Move over Laptop

Sewing slipper jammiesSometimes the writer has to take a backseat to being a Grammy.  My office space allotment has ample room for my laptop and was designed with plenty of surface area for spreading out notes and research materials.  It just does not accommodate a sewing machine and yards of material without a bit of compromise.  So when my inner Grammy takes over, the laptop gets shoved aside.

It’s well known in this space that I have an annual appointment with the sewing machine and piles of fuzzy fleece.  What started as a single pair of slipper jammies, also known as Grammy jammies, has multiplied into four such outfits fitting little bodies from 10 months to 7 years.  And next year already promises to push the total to five.  No matter what the number, I press on and rue the day when the older grandchildren start opting out of such cozy comforts.

It feels a bit like an assembly line.  Cut, cut, cut.  Sew, sew, sew.  A zipper here, a cuff there.  Gripper feet for all.  The outside world hardly exists.  All I see is red fleece, goofy reindeer faces and a needle bouncing up and down in rapid motion.  I cannot rest until the last piece is in place.  The final stitch sewn.  It is a labor of love.  When I am finished, they come to life – four little visitors inhabiting my couch.I am lucky this year.  I found Christmas fleece, which has become a rare commodity.  That means an early delivery so that the kiddos can wear them for the run up to the holiday season.  When I produced the customary cloth gift bags last weekend, the older ones already knew what must be inside.  Kids sure learn fast.Ben, Mya and Isabel in their Grammy Jammies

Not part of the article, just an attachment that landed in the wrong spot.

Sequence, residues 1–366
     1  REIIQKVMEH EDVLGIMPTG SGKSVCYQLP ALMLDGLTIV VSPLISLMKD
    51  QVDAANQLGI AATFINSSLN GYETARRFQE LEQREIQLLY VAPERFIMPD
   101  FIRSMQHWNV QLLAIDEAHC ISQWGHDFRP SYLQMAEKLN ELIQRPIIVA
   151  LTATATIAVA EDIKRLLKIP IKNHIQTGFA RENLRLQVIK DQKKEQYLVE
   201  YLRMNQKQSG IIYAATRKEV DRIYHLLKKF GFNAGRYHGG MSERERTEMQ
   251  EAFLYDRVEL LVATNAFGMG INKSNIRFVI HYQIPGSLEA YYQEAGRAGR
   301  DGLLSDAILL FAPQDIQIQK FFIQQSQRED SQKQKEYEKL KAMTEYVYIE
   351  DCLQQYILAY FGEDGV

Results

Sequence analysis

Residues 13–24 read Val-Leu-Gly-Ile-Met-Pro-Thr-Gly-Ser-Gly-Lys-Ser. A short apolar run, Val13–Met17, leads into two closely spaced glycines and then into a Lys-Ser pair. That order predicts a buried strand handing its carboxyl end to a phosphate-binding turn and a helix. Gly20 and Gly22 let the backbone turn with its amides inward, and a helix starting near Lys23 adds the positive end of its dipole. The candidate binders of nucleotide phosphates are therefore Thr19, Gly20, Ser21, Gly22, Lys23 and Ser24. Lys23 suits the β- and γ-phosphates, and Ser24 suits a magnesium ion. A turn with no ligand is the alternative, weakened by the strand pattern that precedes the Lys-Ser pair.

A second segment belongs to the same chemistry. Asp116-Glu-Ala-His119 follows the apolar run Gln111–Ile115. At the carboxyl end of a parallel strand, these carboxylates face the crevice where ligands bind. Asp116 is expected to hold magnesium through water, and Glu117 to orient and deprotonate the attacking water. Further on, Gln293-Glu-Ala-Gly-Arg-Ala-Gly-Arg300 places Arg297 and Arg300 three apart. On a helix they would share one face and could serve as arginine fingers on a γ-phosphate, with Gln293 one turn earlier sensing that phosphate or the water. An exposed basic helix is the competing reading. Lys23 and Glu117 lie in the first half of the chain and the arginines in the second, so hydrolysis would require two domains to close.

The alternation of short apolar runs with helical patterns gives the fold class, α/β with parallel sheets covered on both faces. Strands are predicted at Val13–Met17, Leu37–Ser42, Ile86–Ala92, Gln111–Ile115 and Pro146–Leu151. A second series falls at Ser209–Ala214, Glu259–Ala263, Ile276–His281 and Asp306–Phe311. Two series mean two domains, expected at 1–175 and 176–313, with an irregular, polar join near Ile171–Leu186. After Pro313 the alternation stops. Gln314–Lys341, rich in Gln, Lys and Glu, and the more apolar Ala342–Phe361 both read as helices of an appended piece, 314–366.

I had to entrust the final pair to the US Mail.  Through the marvels of FaceTime I was able to watch Maren rip through the packaging to reveal her very own Grammy jammies.  A style show ensued.Maren models Grammy Jammies

My task complete for now, the laptop has been restored to its place of honor.  With this little interlude behind me, my writing resumes.  Bits of fuzz and pins linger in my workspace.  I smile, looking forward to Christmas when all four grandchildren will pile into our house – in their matching togs.

Living in the Moment on Dungeness Bay

Time is too precious to squander a single moment. With one week to spend with my three adult children, spouses and youngest grandchild, all I want to do is soak up their presence and savor this rare time together. My natural instincts are to write about the experience. To blog, share on Facebook and text friends. But I refrain. For a week I shun social media and focus purely on life as it happens. And it is sweet.

Reviving the concept of a family vacation, we are all gathered on the Olympic peninsula in Washington. Settling into a spacious house on the coast in Dungeness, we are surrounded by mountains, hiking trails, beaches, tide pools, wildlife and birds. It is the perfect setting for this assembly of active people intent on enjoying the outdoors.

Dungeness Bay Manor

The week is deliberately unstructured. Couples or individuals are free to choose their activities each day, and different groups form depending on interests. The only stipulation is that we all reconvene for dinner. There stories of the day's adventures are shared, and plans begin to form for the next day's outings.

Dinner on the deck

Hiking is high on the priority list, and there is one destination on everyone's must-do list – Hurricane Ridge. On a crystal clear day with mountains visible in all directions, we all hike Hurricane Hill. It is an easy, unhurried trek as we take in the colorful array of wildflowers along the trail, the rich green of the pine trees contrasting with the deep blue sky, and the snow covered peaks that surround us. Being flanked by family clinches the moment.

Hurricane Hill wildflowers
Maren atop Hurricane Hill
Family on Hurricane Hill

Our two boys have been harboring plans for a challenge hike, and head out early one morning to tackle a steep and rugged trail. In contrast, some of us girls decide on a day at Rialto Beach where we scramble between enormous rocks known as “stacks” and spend hours peering into tide pools.

Rialto Beach

Rich naturally gravitates to areas for birding opportunities, and spends a couple days exploring the majesty of Cape Flattery – the most northwestern point of the US.

Cape Flattery